Radical Change by Definition
Since this is my first post on same-sex marriage on this blog, it is probably relevant to note that I’ve already written extensively on the topic.
Barbara Gordon of Pawtucket is “distressed” at various efforts to write into the law explicitly what, until recently, everybody thought to be there by definition:
I believe it is immoral to discriminate against any minority group solely because they differ from the norm and make some of us uncomfortable. I believe it is un-American to deny civil rights to certain citizens not because of any crime, but just because of who they are and whom they love. I cherish the U.S. Constitution and am concerned when those who would have their religious beliefs dictate the laws that affect us all seek to undermine the constitutional separation of church and state. …
Whom another person wishes to love, comfort, and honor threatens none of us; codifying discrimination in anti-gay marriage laws or amendments harms us all.
If the law — as it already exists — is clarified, you see, then those who wish to change it will find it more difficult to convince a judge to declare that marriage is something other than what the language means it is. I’ve come to think that this is less a conscious stratagem than a flaw in reasoning.
Mrs. Gordon might be edified to learn that I agree that civil rights oughtn’t be denied “just because” of whom somebody loves, and that I’m also wary of people who rely entirely on irrational beliefs to dictate laws. I suspect she’ll be a bit less enthusiastic about my suggestion that her irrational beliefs are a case in point.
I’ve given Rhode Island’s marriage laws a pretty thorough look, and I see not a word about “love.” In fact, the words that Gordon uses to describe marriage are conspicuously religious-sounding, and while civil officiants may use them as boilerplate, they aren’t required to do so by law. This isn’t just a cute debater’s point, because it underlies the two critical concepts in her argument: “civil rights” and “discrimination.”
At Gordon’s urging, I found and read Charles Bakst’s November 11 column on the topic. Therein, Providence Mayor David Cicilline takes the same approach as Mrs. Gordon (and most other supporters of same-sex marriage). Petitio principii, he embeds his conclusions in his assumptions:
You cannot on the one hand say ‘I respect people’ and ‘I agree with tolerance’ and at the same time argue for discriminating against the same group of people. And, frankly, gays and lesbians aren’t asking to be ‘tolerated.’ We’re asking to be valued and we’re asking for the same rights and responsibilities that everyone else has. You ‘tolerate’ an annoying noise in a car.
But is the equivalence of same-sex marriage and opposite-sex marriage a civil right? Is refusing to recognize same-sex marriages invidious discrimination? It is only so if, as the innovation’s proponents contend, society’s interest in recognizing marriages in the first place has nothing to do with the spouses’ being of opposite sex. For “discrimination” to deserve the revulsion that the word too often sparks even in its most neutral sense, two groups must be similarly situated. It is not invidious discrimination, for example, for a carpenter to be denied a tax break intended for teaching supplies. That unjust discrimination is so often assumed in the opening salvos of the same-sex marriage discussion ought to be cause for concern.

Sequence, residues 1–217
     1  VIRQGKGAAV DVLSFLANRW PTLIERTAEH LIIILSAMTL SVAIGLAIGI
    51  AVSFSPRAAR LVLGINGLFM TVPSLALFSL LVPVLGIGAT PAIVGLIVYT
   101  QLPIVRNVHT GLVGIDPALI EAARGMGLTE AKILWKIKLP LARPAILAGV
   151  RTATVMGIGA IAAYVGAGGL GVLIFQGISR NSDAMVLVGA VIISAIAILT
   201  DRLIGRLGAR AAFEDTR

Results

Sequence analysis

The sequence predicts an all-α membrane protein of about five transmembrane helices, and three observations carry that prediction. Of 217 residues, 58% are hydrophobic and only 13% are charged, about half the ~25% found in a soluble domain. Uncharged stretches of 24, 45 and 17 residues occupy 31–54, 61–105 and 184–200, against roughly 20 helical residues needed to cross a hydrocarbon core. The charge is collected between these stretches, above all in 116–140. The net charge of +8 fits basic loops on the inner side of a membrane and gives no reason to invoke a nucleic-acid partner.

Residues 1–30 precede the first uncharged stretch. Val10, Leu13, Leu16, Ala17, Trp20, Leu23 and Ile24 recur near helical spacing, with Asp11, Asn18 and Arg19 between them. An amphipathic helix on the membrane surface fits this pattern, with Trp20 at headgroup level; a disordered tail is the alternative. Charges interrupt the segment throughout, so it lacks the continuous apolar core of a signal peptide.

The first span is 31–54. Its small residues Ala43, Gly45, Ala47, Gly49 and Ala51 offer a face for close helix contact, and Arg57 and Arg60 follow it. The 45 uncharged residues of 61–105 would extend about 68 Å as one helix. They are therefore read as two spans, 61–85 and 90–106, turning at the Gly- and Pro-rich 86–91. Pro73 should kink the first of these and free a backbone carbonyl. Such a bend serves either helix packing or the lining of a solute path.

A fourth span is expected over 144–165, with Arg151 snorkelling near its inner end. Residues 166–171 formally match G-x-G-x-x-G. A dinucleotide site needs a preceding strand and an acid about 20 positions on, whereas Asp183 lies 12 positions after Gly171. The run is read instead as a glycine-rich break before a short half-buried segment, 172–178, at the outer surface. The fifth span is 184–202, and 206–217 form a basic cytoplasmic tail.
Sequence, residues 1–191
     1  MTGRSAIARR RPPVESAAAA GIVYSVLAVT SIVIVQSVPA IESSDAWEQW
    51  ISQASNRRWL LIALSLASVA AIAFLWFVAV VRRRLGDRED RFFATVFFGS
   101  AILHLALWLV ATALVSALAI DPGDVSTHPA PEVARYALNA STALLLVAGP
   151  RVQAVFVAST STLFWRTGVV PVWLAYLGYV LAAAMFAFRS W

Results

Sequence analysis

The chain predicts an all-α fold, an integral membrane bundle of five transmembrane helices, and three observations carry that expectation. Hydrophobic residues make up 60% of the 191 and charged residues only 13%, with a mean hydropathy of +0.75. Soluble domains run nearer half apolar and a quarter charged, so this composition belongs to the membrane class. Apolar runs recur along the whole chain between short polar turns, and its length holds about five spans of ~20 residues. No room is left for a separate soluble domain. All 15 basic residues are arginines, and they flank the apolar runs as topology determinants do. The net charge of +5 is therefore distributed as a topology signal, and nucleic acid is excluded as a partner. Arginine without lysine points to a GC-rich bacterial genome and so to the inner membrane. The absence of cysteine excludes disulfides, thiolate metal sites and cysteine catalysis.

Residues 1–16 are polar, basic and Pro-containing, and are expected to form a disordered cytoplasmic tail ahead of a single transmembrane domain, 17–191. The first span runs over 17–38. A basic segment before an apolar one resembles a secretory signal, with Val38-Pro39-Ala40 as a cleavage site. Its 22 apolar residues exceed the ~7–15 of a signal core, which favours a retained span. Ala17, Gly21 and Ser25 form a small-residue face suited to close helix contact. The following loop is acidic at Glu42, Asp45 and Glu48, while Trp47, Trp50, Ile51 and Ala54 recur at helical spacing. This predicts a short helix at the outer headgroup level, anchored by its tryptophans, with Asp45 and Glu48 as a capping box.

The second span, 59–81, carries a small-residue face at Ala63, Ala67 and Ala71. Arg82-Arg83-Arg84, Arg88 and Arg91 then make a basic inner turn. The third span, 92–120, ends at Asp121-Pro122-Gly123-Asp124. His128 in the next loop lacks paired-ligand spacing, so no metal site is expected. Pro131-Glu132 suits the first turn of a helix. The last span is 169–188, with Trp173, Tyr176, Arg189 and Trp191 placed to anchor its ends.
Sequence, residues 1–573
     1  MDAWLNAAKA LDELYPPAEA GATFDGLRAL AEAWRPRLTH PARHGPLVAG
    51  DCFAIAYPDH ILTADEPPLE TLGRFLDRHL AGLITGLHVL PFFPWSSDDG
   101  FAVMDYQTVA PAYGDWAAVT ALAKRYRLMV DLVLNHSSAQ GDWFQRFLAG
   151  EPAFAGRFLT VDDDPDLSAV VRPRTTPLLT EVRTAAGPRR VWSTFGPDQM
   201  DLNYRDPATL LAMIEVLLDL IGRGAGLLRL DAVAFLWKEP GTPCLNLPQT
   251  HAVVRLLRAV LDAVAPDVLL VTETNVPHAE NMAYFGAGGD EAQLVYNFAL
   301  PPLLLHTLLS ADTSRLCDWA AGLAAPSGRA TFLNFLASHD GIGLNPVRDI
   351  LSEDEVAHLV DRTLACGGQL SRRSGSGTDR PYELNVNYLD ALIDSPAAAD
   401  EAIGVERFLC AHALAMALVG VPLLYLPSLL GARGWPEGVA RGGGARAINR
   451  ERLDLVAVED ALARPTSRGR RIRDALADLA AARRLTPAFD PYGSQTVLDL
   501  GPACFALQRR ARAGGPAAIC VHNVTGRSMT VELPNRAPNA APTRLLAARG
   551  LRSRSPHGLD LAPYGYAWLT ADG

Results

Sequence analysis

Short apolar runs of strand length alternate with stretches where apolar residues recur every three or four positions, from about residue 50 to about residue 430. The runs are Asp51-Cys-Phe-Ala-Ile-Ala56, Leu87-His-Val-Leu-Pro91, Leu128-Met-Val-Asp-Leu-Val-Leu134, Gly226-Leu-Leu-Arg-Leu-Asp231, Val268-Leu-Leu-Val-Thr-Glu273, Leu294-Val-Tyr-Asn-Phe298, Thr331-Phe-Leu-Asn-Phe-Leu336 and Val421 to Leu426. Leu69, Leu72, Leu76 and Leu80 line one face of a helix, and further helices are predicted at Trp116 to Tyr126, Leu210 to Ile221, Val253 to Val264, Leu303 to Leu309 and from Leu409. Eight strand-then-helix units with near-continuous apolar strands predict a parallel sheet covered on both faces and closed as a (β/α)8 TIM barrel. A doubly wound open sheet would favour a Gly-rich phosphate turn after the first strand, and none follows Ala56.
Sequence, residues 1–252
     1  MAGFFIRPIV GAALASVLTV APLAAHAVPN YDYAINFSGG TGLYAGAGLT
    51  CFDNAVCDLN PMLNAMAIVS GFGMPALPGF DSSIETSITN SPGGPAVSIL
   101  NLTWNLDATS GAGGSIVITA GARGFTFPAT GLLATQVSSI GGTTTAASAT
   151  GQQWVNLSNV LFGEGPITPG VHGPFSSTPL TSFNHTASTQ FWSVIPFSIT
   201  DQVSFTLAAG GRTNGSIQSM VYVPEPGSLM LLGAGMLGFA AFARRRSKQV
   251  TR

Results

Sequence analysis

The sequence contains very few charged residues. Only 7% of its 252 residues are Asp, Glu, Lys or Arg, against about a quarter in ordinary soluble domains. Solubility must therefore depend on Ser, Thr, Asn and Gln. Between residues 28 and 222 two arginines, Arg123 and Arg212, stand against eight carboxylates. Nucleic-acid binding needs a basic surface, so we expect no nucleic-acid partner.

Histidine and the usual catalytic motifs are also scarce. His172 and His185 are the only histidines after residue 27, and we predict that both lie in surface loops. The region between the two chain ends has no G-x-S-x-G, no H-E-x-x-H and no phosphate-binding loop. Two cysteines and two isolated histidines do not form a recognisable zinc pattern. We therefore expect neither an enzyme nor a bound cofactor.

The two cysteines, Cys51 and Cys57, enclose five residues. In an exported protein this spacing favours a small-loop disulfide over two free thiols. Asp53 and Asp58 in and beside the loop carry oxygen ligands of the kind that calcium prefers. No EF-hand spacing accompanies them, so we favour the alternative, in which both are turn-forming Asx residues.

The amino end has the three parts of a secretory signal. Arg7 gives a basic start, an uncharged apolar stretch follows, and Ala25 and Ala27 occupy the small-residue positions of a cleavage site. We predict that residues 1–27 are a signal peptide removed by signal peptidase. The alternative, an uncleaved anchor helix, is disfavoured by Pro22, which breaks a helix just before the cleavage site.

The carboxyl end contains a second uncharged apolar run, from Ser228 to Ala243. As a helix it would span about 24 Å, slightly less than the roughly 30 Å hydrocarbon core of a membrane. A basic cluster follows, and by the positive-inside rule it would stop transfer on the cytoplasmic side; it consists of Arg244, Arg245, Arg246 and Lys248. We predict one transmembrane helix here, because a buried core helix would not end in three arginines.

To declare so haughtily that traditional marriage laws violate the rights of homosexuals, one must believe that there are no differences between men and women that are relevant to marriage. If marriage is not centrally about gender, then it is not centrally about the most obvious thing that men and women can only do together: create children. And if marriage is not about procreation, then there’s no reason it has to be about sex. And if it isn’t about sex, then intimate love — as opposed to other forms of mutual interest or affection — needn’t be definitive. Marriage, in other words, becomes a partnership in the most bland, contractual sense of that word.
That outcome has proven all but inconceivable to many who support same-sex marriage (at least those whom we trust about their intentions). They take for granted that the emotional culture of marriage is written in firm ground that they imagine at the core of our social being. As they, themselves, prove that ground is not as firm as it might seem. Even if it were, however, we would still have to keep in mind that the law does not require married couples to act married, or even to proclaim that they are. Any stigma associated with same-sex marriages of convenience would have no readily visible identification on which to accrue and would therefore quickly slip away.
I can only muse that those who are most willing to force radical changes on our culture are also the most naive about the ways in which the culture can change. And I can only be distressed that too many seem to believe that same-sex marriage would represent no change at all.